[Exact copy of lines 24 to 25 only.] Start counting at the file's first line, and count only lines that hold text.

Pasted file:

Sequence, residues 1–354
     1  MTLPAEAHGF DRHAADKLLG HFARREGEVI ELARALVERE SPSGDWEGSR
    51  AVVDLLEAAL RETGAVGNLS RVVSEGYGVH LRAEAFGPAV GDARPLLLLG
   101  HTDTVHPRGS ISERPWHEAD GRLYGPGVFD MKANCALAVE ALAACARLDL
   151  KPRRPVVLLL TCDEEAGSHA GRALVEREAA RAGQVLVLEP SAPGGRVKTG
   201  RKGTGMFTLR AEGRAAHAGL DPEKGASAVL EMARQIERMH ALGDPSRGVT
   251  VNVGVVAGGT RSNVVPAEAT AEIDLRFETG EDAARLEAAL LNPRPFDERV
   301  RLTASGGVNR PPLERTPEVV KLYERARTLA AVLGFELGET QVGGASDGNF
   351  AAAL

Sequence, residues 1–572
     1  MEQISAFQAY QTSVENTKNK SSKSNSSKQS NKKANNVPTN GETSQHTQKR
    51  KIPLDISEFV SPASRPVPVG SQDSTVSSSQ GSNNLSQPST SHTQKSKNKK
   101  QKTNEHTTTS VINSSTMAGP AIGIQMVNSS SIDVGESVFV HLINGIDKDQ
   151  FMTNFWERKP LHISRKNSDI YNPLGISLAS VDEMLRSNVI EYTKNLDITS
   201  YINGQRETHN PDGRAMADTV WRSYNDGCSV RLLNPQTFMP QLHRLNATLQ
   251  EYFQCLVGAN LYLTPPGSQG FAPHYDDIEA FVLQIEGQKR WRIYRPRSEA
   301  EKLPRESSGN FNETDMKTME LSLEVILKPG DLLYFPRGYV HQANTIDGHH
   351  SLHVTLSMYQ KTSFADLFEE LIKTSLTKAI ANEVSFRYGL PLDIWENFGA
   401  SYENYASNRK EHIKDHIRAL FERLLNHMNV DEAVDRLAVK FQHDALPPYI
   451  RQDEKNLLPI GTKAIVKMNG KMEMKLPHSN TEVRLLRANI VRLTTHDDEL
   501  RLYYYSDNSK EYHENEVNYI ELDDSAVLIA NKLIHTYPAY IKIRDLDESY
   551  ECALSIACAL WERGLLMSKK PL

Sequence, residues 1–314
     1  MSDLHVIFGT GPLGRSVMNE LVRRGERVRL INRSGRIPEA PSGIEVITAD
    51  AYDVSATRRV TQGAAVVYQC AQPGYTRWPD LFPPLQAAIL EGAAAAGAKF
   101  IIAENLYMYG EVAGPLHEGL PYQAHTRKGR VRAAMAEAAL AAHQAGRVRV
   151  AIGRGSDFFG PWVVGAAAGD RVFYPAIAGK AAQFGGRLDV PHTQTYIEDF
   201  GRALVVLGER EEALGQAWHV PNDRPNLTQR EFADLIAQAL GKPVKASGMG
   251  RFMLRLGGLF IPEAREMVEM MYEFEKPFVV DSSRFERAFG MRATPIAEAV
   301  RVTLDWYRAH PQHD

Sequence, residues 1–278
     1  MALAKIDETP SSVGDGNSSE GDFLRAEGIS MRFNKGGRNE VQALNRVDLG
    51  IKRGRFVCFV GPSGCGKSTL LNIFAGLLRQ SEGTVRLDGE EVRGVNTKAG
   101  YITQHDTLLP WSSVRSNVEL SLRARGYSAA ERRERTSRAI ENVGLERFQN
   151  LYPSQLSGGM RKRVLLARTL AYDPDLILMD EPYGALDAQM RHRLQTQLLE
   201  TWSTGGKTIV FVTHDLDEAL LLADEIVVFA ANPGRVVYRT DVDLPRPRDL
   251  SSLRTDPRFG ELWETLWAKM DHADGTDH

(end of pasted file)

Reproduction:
     1  MSDLHVIFGT GPLGRSVMNE LVRRGERVRL INRSGRIPEA PSGIEVITAD
    51  AYDVSATRRV TQGAAVVYQC AQPGYTRWPD LFPPLQAAIL EGAAAAGAKF